Moreover, there are also signs that we have entered a new historical cycle of mass protest. From December 2008 in Greece, the first such example of extreme forms of social discontent and contention,[xxii] to the Arab Spring, the Indignados Movement, the Occupy! movement in North America, the student revolts in Britain, Canada and Chile and the 2013 Turkish protests, we have been witnessing movements that are not only massive but also go beyond simply articulating grievances and demands. Facing this situation, the forces of Capital have chosen a very aggressive strategy. One could describe it as being at the same time post-democratic and post-hegemonic.[xxiii] Several pieces of evidence attest to this tendency: The Schmitian overtones of the “state of permanent economic emergency,” the total disrespect of the democratic and more generally political procedure, the new forms of international economic intervention (along with nation-building, we now have economy-building!). At the same time, there is a certain ‘fear of the masses,’in both senses suggested by Balibar in his reading of Spinoza.[xxiv] Fear of the possibility of social explosions, December 2008 being the closest example, and also fear of the masses themselves regarding the precariousness of their material condition.

The repressed and disavowed aspect of this conjuncture of austerity and protest is that of a looming hegemonic crisis. The erosion of any broad legitimizing basis after more than two decades of ‘actually existing neoliberalism,’ the open crisis of neoliberalism after the current crisis of financialization, the growing class inequalities, the growing alienation of large segments of the population from the political scene and even the end to high consumption driven by cheap credit: all these are contributing factors to a crisis of hegemony.


8. The ‘Movement of the Squares’ and its importance

The mass rallies and assemblies at city squares all over Greece in May-July 2011 exemplified the looming crisis of hegemony. This movement was based on the collective experiences of struggle in the past years, such as the December 2008 youth explosion, the massive strikes in 2010-2011, the movement of civil disobedience to increased toll prices, and the heroic struggle of the people of Keratea, a small town in the greater Attica region, which  fought with riot police for months, successfully opposing plans for an environmentally disastrous landfill in their vicinity. At same time, people with no prior experience of struggle come forward in these protests, which were not simple imitations of the 15-M protests in Spain, but a much more widespread form of protest with deeper roots in Greek society.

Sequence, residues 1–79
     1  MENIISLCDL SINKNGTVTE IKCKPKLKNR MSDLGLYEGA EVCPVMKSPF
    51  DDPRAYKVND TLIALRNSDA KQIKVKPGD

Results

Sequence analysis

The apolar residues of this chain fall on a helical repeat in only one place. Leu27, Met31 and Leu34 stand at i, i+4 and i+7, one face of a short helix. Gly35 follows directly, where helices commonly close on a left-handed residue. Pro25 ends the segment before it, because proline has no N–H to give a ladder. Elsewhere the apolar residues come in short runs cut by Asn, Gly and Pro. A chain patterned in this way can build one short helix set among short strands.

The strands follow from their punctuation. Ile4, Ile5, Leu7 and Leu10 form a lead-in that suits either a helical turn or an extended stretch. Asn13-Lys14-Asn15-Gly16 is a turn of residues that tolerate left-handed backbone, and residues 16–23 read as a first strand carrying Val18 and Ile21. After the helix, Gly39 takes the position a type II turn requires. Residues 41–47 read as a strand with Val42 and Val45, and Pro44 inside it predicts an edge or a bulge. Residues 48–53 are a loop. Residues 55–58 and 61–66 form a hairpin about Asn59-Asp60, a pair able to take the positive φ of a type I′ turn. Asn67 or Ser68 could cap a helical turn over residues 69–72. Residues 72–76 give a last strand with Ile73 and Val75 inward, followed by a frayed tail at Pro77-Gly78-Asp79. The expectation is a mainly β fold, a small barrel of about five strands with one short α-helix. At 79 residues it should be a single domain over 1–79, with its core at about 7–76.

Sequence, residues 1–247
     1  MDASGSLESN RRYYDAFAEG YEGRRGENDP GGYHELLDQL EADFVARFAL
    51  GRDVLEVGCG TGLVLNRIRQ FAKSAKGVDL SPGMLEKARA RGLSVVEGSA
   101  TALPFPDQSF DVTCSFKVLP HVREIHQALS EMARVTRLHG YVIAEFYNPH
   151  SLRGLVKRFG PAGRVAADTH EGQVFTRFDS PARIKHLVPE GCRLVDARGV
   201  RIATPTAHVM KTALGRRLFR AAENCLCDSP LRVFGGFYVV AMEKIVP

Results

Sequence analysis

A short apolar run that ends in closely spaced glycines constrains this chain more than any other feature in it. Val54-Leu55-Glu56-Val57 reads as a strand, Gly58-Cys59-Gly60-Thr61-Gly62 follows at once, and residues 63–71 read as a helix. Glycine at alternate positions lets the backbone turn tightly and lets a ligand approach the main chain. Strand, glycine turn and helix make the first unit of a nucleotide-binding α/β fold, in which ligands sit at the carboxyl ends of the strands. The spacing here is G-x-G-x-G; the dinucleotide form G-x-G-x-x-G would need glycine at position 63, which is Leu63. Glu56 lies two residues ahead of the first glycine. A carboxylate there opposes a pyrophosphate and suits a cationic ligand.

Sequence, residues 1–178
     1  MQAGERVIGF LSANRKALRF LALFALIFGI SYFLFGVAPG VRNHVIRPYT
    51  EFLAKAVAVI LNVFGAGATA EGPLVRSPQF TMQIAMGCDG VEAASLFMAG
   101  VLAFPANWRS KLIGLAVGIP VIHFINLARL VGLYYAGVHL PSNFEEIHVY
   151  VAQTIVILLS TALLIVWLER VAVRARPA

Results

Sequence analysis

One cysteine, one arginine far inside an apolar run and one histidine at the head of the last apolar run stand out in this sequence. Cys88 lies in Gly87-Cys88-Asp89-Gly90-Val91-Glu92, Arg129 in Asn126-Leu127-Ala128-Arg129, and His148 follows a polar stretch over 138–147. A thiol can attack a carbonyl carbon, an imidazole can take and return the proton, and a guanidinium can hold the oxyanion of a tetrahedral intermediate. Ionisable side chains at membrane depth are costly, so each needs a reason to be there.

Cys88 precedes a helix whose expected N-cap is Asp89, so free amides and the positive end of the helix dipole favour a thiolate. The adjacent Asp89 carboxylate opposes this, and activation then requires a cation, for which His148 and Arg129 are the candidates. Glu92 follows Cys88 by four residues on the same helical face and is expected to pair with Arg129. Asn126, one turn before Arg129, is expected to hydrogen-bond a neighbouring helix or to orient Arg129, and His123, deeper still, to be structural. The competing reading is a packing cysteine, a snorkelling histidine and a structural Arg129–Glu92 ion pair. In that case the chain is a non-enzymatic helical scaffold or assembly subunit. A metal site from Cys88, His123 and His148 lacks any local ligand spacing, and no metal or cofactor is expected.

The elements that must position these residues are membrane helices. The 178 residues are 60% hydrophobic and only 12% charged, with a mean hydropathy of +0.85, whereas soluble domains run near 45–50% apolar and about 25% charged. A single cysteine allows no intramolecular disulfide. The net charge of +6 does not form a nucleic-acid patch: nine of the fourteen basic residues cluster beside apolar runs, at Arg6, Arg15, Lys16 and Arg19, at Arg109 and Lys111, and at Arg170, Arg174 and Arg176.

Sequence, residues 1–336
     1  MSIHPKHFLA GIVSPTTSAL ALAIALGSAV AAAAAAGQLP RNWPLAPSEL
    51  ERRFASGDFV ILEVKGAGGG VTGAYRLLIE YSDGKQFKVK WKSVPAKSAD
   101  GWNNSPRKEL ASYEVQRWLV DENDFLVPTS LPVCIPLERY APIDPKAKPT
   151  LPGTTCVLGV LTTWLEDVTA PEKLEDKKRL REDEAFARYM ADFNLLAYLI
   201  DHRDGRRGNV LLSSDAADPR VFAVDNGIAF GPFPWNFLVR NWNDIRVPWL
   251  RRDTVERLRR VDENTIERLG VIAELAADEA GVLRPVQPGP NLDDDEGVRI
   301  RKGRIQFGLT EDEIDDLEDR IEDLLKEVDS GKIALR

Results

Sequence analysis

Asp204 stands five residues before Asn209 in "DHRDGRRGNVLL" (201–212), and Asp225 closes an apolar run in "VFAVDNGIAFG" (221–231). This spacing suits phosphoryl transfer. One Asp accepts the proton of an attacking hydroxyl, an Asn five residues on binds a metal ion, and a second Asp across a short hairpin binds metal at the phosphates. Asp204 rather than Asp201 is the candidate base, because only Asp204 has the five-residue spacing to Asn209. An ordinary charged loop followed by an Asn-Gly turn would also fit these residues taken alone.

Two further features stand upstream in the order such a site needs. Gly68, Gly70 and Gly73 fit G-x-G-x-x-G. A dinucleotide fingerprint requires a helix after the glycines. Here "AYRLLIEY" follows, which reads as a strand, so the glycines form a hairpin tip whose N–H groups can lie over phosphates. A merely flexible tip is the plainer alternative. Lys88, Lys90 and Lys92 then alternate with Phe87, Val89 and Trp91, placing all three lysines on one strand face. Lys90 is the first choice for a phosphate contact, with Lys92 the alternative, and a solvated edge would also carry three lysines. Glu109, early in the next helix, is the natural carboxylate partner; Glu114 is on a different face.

These protests were deeply democratic, radical and profoundly anti-systemic. They represented a strong desire for political change, the demand for safe employment, dignity for labor, authentic democracy, and popular sovereignty against the attempt to implement measures dictated by the EU, the IMF and the ECB. Moreover, these protests have brought forward a new wave of politicization and radicalization of Greek Society. People begin to question dominant policies, especially in what concerns the debt and Greece’s participation in the Eurozone. A very important aspect of the movement has been the growing disillusion of people with the European Union. Contrary to a traditionally strong pro-EU popular opinion more and more people are beginning to question the participation of Greece in the Eurozone and the withdrawal from the euro is being openly discussed by people, instead of being rejected in advance, as was the norm until recently.

It is true that this movement has been extremely suspicious of traditional party politics, a suspicion also directed against the parties of the Left. But to pass judgment on this anti-political stance, we must also take into consideration that for the majority of Greek people party politics is associated with unjust neoliberal policies, media manipulation, corruption and close links to big business and lately an almost servile stance towards international organizations. In light of the above, one can say that this ‘anti-political’ stance is exactly the foundation of an authentic process of radical politicization, the beginning for an alternative politics of collective action, direct democracy and radical social change.

That is why on the squares of Greek cities we witnessed a unique experiment in democracy. The mass assemblies, with their very strict rules of equal voicing and collective decision that leave no room for traditional demagogy, offered an alternative paradigm of the collective processing of political demands and strategies, and produced demands and political positions going beyond a simple refusal of dominant policies. If the forms of a potential ‘dual power’ must always be the result of a process of collective inventiveness, then we experienced the beginning of such a process.